What do the Arabian Nights conjure up for you? Aladdin, Sinbad the Sailor, Ali Baba and the Forty Thieves, the Roc’s egg? Would you be surprised to find out that none of those stories are in the original Arabian Nights, which numbered not a thousand and one nights of Shahrazad’s stories, but about 350? In this wonderful new version, edited by Muhsin Mahdi and translated by Husain Haddawy, the tales come from the oldest Syrian manuscript and avoid some of the worst errors of past translations, which either censored and smoothed over the text, or over-exaggerated its bawdiness and exoticism. Instead, they are humorous, poetic, licentious and touching by turns, and always wonderfully readable.
You’re probably familiar with the way the frame story begins. King Shahrayar discovers that his wife has been egregiously unfaithful to him. His response is to kill her, and to take a vow that each night he will sleep with a virgin, then kill her in the morning. This continues for several months (much to the dismay of the families in the country), until the brave Shahrazad steps forward and insists on marrying the king. She plants her little sister Dunrazad under the bed, and when the night’s activity is finished, the sister asks for “one of your lovely little stories, to while away the night.” But, of course, the story isn’t finished by the time morning comes, so the king must postpone Shahrazad’s death until the next day, and the next. We are not to understand that Shahrazad is inventing these stories: she is repeating what she has heard. She is a classical storyteller, telling for her life.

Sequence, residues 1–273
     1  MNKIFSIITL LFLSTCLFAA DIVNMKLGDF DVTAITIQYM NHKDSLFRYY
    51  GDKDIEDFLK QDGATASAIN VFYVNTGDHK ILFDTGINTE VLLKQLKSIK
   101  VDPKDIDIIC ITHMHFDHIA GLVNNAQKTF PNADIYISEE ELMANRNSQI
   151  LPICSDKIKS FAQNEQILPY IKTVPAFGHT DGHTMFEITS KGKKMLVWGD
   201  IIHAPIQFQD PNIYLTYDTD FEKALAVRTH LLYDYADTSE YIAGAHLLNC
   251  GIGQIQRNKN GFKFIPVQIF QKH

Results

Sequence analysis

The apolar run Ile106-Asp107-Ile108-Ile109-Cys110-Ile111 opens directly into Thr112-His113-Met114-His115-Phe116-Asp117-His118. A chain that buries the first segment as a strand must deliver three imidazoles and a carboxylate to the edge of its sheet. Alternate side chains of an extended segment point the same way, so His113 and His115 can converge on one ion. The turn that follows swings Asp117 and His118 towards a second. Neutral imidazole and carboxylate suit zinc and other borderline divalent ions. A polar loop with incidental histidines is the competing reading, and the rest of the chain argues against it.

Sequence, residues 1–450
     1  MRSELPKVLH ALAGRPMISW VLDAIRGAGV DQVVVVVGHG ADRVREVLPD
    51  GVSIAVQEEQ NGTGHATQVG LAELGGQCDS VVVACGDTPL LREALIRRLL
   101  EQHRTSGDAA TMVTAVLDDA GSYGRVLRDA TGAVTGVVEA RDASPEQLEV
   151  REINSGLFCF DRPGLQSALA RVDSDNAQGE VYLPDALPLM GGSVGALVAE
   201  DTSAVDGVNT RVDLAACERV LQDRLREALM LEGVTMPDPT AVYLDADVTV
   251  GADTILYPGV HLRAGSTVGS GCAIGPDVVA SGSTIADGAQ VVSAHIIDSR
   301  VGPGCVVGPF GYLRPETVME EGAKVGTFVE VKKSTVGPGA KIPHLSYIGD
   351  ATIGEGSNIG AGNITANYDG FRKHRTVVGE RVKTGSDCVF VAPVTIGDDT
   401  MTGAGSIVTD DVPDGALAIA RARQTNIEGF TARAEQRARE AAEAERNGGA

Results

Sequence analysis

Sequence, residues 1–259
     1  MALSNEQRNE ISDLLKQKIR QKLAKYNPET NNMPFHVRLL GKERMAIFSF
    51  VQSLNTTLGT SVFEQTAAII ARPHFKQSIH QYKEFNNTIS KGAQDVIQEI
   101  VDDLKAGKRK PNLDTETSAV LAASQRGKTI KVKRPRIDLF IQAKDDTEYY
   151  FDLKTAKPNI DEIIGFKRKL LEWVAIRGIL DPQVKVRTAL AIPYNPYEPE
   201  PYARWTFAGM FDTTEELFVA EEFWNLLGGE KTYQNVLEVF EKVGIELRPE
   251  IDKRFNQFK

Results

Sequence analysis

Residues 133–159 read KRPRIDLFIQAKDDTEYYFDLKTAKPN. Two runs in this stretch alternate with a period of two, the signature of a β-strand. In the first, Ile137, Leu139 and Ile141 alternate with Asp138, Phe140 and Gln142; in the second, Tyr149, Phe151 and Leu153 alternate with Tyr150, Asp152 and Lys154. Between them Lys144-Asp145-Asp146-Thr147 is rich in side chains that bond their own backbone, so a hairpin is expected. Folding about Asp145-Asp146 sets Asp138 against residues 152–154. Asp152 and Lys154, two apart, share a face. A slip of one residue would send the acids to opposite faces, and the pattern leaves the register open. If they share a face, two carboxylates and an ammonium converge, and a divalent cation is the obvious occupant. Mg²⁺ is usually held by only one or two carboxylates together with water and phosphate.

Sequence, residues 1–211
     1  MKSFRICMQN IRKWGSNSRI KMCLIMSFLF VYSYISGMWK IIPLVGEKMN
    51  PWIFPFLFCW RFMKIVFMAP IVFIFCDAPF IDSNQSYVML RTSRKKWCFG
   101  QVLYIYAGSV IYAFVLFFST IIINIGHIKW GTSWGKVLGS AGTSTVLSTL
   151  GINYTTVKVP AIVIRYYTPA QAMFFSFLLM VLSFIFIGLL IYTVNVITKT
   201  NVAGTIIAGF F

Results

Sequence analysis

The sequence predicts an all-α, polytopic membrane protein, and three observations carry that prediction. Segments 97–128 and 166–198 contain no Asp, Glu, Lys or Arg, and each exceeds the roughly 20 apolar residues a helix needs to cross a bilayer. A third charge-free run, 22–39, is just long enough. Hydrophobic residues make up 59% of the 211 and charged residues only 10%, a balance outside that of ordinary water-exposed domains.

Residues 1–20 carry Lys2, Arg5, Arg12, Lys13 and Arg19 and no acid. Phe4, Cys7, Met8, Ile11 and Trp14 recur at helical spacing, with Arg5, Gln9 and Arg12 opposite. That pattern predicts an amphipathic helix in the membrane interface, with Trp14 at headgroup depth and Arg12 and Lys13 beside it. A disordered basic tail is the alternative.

But this is far from being the only frame story in the book. One story cascades into another, and another. The girl tells about a tailor who tells a story of seven brothers, each of whom tells a story, each of which contains stories to be told. The story of the murdered hunchback (one of the funniest in the book) frames four separate stories, each of which is also a story told to save the storyteller’s life, as Shahrazad is telling hers. The story of Queen Jullanar of the Sea-People frames the story of her son, King Badr, which is also the story of Princess Jauhara, and the story of the witch and the wizard. There is magic, there are talking animals, there are demons, there is lost love, there are peasants and jokes and shaggy-dog stories and amnesia and treasures and conflicting religious beliefs and eroticism and humor and poetry (lots of poetry.) There are good-luck stories and terrible-luck stories; each story leans heavily on the workings of fate and coincidence. If you can miss Aladdin in this incredibly rich forest of image and beauty, you would probably have killed Shahrazad.
While the stories are immensely varied in content, they are also formulaic. Each one begins with Dunrazad’s request for a story, and Shahrazad’s answer, “I heard, O Happy King…” and ends with the formula, “… but morning overtook Shahrazad, and she lapsed into silence.” The cliffhanger becomes worn with use. But the translation is so fluid that I didn’t even skim the formulas. I hung on every word.
I think the Arabian Nights is a work that many of us think we know, but don’t actually know very well. This was, at least, certainly the case with me. It startled me both with its difference (coming, for instance, from an ancient and vastly tolerant medieval Muslim civilization) and with its familiarity. Anyone who has read fairy tales from the Brothers Grimm or collected by Italo Calvino will recognize some of the basics: be kind. Be generous to the poor. Being beautiful never hurts. Don’t trust demons. The third son (or daughter) will be the one to find the solution. And so on. These connections make a foreign land hospitable. I recommend the travel.